Opening with the Allied invasion of Normandy on 6 June 1944, members of the 2nd Ranger Battalion under Cpt. Miller fight ashore to secure a beachhead. Amidst the fighting, two brothers are killed in action. Earlier in New Guinea, a third brother is KIA. Their mother, Mrs. Ryan, is to receive all three of the grave telegrams on the same day. The United States Army Chief of Staff, George C. Marshall, is given an opportunity to alleviate some of her grief when he learns of a fourth brother, Private James Ryan, and decides to send out 8 men (Cpt. Miller and select members from 2nd Rangers) to find him and bring him back home to his mother... Written by
After completing this movie, Steven Spielberg was inspired to create the video game "Medal Of Honor" for the PlayStation System (PS1) under the DreamWorks' video game division, distributed by Electronic Arts. Spielberg is credited as a consultant and producer on that game and Captain Dale Dye, the military consultant on the film, was also the consultant on the game. In the wake of Private Ryan's success and influence, the game went on to become a huge seller for the PlayStation console, producing numerous sequels including "Medal of Honor: Frontline" which features a D-Day opening similar to the one in the film. See more »
After you see Mellish yelling for Upham to bring him ammo in the building with the hole in the wall, the scene switches to Upham sitting against a wall. He then gets up and runs across the street past Captain Miller to go to the building Mellish is in, stops against the wall and sees about five Germans running into the building. They would have had a perfect shot on Miller since he was just sitting in the middle of the street. See more »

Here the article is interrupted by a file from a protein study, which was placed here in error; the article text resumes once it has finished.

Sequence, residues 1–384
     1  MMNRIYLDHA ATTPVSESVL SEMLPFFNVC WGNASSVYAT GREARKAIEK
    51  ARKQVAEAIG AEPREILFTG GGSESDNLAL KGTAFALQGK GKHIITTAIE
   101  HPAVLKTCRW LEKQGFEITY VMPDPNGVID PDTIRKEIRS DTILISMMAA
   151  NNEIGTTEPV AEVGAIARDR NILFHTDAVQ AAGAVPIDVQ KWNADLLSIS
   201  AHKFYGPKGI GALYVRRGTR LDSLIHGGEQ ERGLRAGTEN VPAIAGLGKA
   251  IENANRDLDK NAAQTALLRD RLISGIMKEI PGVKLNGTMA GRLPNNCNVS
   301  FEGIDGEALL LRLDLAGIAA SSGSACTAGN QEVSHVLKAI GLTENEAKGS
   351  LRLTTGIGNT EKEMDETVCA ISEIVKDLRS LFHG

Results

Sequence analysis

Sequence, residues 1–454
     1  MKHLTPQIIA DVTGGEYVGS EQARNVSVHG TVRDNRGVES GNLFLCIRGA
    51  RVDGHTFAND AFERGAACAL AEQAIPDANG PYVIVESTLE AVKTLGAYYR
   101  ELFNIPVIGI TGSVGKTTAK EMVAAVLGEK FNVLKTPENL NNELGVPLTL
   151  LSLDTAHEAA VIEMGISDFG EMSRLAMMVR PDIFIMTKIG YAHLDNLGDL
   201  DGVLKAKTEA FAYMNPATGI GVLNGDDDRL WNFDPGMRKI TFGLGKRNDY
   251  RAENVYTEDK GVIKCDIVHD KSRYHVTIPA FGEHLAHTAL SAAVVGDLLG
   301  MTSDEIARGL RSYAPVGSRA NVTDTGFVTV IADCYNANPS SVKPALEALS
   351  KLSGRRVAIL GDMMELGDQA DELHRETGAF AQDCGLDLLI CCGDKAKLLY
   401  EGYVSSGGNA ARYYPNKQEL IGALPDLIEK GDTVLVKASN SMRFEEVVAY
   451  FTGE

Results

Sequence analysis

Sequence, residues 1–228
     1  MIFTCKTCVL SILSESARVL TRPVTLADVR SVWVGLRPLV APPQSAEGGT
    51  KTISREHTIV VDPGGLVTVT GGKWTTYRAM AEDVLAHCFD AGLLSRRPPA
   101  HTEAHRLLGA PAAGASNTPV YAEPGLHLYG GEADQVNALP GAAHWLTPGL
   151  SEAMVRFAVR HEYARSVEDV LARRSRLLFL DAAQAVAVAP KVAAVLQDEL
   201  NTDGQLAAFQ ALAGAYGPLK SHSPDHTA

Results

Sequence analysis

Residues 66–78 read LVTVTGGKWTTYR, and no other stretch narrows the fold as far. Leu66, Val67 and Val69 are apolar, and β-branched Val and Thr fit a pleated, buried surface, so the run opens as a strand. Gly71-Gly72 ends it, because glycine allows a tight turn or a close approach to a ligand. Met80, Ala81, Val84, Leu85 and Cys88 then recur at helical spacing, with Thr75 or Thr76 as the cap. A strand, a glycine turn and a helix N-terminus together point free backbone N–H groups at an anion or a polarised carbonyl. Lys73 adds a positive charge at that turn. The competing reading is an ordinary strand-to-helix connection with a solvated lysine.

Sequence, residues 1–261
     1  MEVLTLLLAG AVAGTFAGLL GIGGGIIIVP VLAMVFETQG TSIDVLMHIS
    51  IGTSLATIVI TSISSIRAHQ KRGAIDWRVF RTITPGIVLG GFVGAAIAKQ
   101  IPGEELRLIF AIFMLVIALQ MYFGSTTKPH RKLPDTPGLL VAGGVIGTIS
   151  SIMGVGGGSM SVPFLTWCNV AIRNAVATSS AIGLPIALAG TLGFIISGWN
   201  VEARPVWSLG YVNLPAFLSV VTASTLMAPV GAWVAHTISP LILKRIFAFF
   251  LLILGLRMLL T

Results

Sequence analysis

[running to comfort his father]
[flashback to D-Day]
[shouting out the soldiers on the raft]
CLEAR THE RAMP! THIRTY SECONDS! GOD BE WITH YA!
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There are no opening credits after the title is shown. See more »
Amazing insight into World War 2 battles that take your breath away!!
An amazing and compelling insight to warfare. Umbelievable camera shots/angles bring World War 2 to life especially for the US troops on D-Day. The use of flash bullets, and color saturation just add to the effect of a killing ground that not many people survive to come back from.
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